It drops all pretenses and weaves conquest and violence of various forms (spiritual, physical, and systemic) into its systems and simple story very satisfyingly. At the end of the day, your cult leader is little but an avatar for destruction masquerading as a hero. How much more of a videogame could you be at that point? And for that frankness alone, Cult of the Lamb is more than deserving of high marks.
I want to invest in a good TMNT show again, and I even tried to navigate the absolute nightmare that is the now Amazon-run Comixology app to get in on the latest comic series based on my favorite turtles. I've come away from this experience with a rekindled love for my half-shelled heroes and I never want to give them up again. Cowabunga forever, my dudes.
With multiple endings to earn and only a few under my belt, I don't really want to come up either. Instead, I want to go back to the market, snipe an organ out from under WOOHOO CHARLIE, and work through Trading Simulator's absurd sense of humor, banger of a soundtrack, and mechanical twists on my journey to become the greatest organ-trading warlord in space.
While I can nitpick about Deathloop's shortcomings, I'd rather just point you to a game that's a joy to play, confident in itself, touts two wonderful Black leads, looks wonderful, and rewards you for thinking outside the box. While it doesn' quite feel like an evolution of the formula, it's almost assuredly Arkane's most feature-complete and refined take on it. Like I said at the top of this review, Deathloop is countless things, and most of them are great.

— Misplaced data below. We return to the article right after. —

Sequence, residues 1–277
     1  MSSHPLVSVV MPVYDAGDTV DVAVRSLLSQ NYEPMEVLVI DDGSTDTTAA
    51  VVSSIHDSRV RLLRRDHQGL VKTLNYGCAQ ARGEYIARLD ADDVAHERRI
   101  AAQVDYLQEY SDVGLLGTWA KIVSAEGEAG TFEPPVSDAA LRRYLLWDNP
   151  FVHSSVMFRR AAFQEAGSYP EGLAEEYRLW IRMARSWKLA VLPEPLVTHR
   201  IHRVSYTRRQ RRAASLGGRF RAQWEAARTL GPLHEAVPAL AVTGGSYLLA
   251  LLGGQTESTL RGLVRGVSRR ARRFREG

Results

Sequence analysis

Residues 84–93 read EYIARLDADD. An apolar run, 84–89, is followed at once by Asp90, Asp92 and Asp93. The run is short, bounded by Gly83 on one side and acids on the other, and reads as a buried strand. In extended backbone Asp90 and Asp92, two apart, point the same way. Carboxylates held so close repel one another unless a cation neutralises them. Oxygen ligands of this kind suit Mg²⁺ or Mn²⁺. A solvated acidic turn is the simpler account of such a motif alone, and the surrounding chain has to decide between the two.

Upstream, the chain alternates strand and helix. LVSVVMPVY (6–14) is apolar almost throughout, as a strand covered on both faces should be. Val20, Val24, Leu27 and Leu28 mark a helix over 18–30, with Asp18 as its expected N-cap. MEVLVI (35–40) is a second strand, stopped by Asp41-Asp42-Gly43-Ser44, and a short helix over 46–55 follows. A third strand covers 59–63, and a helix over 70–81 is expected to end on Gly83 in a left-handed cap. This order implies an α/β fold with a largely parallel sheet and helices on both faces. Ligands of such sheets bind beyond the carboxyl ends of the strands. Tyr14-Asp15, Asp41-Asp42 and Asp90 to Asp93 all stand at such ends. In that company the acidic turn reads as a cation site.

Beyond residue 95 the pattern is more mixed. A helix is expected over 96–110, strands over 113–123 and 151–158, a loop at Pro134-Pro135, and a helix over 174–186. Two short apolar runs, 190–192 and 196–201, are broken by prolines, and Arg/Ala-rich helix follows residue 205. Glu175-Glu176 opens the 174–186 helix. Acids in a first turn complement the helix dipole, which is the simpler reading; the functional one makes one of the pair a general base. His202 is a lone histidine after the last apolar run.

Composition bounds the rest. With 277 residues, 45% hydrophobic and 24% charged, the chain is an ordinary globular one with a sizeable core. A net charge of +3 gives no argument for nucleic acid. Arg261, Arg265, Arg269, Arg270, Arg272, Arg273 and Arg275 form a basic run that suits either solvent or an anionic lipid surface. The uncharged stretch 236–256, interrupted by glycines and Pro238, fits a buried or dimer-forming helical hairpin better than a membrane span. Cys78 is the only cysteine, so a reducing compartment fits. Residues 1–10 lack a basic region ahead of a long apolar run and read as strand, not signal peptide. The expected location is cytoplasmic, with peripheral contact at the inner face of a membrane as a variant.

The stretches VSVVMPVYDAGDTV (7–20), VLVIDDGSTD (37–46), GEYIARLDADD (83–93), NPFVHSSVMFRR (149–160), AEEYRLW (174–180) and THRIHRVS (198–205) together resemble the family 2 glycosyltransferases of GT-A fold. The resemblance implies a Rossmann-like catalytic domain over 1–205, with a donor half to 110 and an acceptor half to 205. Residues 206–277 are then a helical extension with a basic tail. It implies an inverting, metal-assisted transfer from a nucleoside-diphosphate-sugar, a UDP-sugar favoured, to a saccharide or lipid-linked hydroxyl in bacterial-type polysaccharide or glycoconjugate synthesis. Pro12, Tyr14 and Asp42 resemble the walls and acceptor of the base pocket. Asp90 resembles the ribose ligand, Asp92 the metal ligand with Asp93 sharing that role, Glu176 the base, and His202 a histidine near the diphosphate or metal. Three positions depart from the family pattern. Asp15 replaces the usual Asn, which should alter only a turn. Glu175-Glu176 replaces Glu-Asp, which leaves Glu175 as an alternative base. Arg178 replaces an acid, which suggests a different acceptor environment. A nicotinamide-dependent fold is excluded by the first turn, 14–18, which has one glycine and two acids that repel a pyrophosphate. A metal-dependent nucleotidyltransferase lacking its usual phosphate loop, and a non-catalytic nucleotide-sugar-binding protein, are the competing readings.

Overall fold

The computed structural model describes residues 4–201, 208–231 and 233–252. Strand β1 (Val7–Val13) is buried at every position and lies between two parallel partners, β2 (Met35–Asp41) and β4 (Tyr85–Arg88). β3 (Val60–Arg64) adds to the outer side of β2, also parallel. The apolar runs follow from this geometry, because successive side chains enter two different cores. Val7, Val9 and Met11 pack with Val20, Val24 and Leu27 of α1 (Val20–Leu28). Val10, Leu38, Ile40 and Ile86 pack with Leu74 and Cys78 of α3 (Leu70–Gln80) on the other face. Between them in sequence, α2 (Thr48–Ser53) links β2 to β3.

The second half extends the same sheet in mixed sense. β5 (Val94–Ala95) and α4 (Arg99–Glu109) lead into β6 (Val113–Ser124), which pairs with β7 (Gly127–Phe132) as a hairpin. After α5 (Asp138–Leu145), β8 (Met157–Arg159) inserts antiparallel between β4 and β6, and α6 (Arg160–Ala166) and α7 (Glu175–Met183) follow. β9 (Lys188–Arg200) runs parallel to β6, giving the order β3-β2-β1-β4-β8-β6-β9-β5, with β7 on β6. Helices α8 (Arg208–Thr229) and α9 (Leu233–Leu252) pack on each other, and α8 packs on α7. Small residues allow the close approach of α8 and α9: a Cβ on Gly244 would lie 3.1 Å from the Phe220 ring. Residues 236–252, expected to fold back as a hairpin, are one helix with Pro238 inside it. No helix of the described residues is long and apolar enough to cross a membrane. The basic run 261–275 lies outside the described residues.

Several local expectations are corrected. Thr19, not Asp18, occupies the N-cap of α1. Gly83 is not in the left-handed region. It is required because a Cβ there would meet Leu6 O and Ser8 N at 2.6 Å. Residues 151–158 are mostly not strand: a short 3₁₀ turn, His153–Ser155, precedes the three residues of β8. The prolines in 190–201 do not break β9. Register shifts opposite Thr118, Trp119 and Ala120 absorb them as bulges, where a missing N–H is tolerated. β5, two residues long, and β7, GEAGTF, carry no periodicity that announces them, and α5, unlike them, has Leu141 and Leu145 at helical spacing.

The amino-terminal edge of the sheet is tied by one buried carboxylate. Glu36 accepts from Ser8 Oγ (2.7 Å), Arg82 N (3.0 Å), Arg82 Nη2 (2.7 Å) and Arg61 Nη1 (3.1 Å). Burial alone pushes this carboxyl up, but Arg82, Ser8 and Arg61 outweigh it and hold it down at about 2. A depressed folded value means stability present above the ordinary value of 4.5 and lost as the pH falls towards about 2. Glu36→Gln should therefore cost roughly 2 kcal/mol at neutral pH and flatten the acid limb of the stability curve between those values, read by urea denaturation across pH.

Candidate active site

While it may seem unengaging because it effectively plays itself, it really is just prompting the player to look at gameplay from another angle, namely a more systems-driven one. For a person like me, who doesn't really craft "builds" in RPGs, it's made me realize why that is actually a rewarding aspect of those games. Now I spend half my time in Loop Hero making numbers go up and making optimizations I never would have, before embarking on another loop.